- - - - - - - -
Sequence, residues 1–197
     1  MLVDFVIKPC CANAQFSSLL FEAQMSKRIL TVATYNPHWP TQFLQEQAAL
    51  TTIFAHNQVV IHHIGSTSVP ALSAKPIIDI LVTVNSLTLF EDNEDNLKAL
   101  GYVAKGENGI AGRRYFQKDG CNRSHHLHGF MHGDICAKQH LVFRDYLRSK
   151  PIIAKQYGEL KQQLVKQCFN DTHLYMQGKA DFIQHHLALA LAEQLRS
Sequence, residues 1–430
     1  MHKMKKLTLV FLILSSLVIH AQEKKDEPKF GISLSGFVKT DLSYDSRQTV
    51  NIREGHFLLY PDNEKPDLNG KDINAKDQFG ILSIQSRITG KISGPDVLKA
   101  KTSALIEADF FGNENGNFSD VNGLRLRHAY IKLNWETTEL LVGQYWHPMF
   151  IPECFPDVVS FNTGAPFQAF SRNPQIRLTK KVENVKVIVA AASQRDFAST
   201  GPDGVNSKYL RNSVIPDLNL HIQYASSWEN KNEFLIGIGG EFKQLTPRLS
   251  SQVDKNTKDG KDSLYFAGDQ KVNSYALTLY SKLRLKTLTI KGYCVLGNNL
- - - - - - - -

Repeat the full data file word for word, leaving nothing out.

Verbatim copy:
Sequence, residues 1–197
     1  MLVDFVIKPC CANAQFSSLL FEAQMSKRIL TVATYNPHWP TQFLQEQAAL
    51  TTIFAHNQVV IHHIGSTSVP ALSAKPIIDI LVTVNSLTLF EDNEDNLKAL
   101  GYVAKGENGI AGRRYFQKDG CNRSHHLHGF MHGDICAKQH LVFRDYLRSK
   151  PIIAKQYGEL KQQLVKQCFN DTHLYMQGKA DFIQHHLALA LAEQLRS
Sequence, residues 1–430
     1  MHKMKKLTLV FLILSSLVIH AQEKKDEPKF GISLSGFVKT DLSYDSRQTV
    51  NIREGHFLLY PDNEKPDLNG KDINAKDQFG ILSIQSRITG KISGPDVLKA
   101  KTSALIEADF FGNENGNFSD VNGLRLRHAY IKLNWETTEL LVGQYWHPMF
   151  IPECFPDVVS FNTGAPFQAF SRNPQIRLTK KVENVKVIVA AASQRDFAST
   201  GPDGVNSKYL RNSVIPDLNL HIQYASSWEN KNEFLIGIGG EFKQLTPRLS
   251  SQVDKNTKDG KDSLYFAGDQ KVNSYALTLY SKLRLKTLTI KGYCVLGNNL